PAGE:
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Access to Employee Records

Workers have the right to access their records.

Employers must provide a reasonable opportunity for employees to look at their personnel, time, and pay records and obtain copies of these records upon request.

If you think your employer is violating this law, you can make a complaint or contact us at whd@boli.state.or.us to get help.

The law

ORS 652.750

Frequently asked questions

For workers

What kinds of records can I access?

Personnel records include all records used to determine your qualifications for employment, promotion, additional compensation, termination or other disciplinary actions. Employers also must make time and pay records available.

Here is a sample list of documents considered to be personnel records: 

  • Job announcements 
  • Applications 
  • Resumes 
  • Records of Promotion 
  • Pay increase documentation 
  • Performance reviews 
  • Supervisor notes pertaining to named personnel actions 
  • Disciplinary actions; records of verbal and written warnings 
  • Notices of termination
How soon does my employer need to produce these records?

Records must be produced within 45 days of the employee’s request. Most employers prefer and offer to provide copies of the records rather than allowing the inspection of originals, however, you must be provided a reasonable opportunity to inspect records at your place of employment or place of work assignment if you request it. Employers may charge a reasonable fee to recover the actual cost of providing the records.

How does my employer have to keep these records?

Employers must keep an employee’s personnel records for at least 60 days after termination. Time records must be retained for two years, and payroll records for three years.

For employers

What records are included?

Personnel records include all records used to determine the employee’s qualifications for employment, promotion, additional compensation, termination or other disciplinary actions. Employers also must make time and pay records available. 

Here is a sample list of documents considered to be personnel records: 

  • Job announcements 
  • Applications 
  • Resumes 
  • Records of Promotion 
  • Pay increase documentation 
  • Performance reviews 
  • Supervisor notes pertaining to named personnel actions 
  • Disciplinary actions; records of verbal and written warnings 
  • Notices of termination
If I receive a request from an employee for copies of all of the employee’s personnel records, do I need to provide copies of all of the time and pay records for three years?

Many employers have expressed concern about automatically being required to produce time and pay records going back three years if an employee requests access to or copies of their personnel records. Nothing in ORS 652.750 prohibits an employer from inquiring whether employees making a request for records want access to or copies of all of their time and pay records or only their personnel records. Clarifying what records the employee would like to inspect or obtain might narrow the number of documents to be provided. However, if the employee requests all of the time and pay records, the statute requires them to be provided.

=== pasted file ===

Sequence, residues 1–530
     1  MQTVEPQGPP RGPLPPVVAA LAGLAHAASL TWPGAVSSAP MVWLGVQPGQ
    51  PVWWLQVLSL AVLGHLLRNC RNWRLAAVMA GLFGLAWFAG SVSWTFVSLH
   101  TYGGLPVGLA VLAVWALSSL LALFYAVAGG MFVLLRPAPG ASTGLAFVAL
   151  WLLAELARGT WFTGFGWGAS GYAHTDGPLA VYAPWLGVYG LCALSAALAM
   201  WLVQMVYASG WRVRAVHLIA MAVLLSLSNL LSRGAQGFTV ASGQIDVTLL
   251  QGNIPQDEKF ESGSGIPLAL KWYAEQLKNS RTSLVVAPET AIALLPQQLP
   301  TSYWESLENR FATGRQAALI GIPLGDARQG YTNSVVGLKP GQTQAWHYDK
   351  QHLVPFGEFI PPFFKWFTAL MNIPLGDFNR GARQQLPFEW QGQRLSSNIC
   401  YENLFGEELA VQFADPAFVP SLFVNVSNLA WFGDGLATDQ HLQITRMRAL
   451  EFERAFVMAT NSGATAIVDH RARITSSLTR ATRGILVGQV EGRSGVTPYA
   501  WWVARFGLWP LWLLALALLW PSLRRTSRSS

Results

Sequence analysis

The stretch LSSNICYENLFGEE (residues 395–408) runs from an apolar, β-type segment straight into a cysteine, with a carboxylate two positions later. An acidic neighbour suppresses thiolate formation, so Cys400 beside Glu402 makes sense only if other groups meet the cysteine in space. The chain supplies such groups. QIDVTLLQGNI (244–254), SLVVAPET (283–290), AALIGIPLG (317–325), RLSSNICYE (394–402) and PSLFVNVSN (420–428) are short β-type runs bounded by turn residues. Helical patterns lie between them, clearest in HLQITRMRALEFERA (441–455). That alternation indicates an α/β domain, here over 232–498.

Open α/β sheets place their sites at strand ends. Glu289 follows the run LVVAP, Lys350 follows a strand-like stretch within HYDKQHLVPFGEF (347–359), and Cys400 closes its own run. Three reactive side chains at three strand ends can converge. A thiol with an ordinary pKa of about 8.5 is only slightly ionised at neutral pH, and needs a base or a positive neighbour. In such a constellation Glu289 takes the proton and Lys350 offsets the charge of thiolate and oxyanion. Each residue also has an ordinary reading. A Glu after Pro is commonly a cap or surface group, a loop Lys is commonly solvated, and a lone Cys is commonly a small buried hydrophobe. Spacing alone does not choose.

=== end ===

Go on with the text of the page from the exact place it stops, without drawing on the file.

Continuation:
What should not be included in these records?

There should be no medical records, tax records or immigration documents included in response to an employee’s request for their personnel records. Only records that have been used to determine an employee’s qualifications for employment, promotion, additional compensation, termination or other disciplinary action, and time and pay records (if requested) must be included.

How soon do I need to produce these records?

ORS 652.750(2) requires the records to be produced within 45 days of the employee’s request. Most employers prefer and offer to provide copies of the records rather than allowing the inspection of originals, however, an employee must be provided a reasonable opportunity to inspect records at their place of employment or place of work assignment if requested. Employers may charge a reasonable fee to recover the actual cost of providing the records.

I reviewed ORS 652.750(2) and there is reference to providing certified copies. What is that? Do I need to notarize something?

There is no formal process to certify personnel records. A cover letter signed by the custodian of records or the Human Resources manager certifying the copies as true and correct should be sufficient to meet this requirement.

How long should an employer keep these records?

The statute requires employers to retain an employee’s personnel records for at least 60 days after termination. 

Time records must be retained for two years, and payroll records for three years. 

The statute of limitation for a wage or contract claim is six years. An employer would be at a distinct disadvantage if they did not have these records while defending a civil rights or wage claim and may choose to retain the records for at least seven years.

Disclaimer: This website is not intended as legal advice. Any responses to specific questions are based on the facts as we understand them and the law that was current when the responses were written. They are not intended to apply to any other situations. This communication is not an agency order. If you need legal advice, please consult an attorney.​


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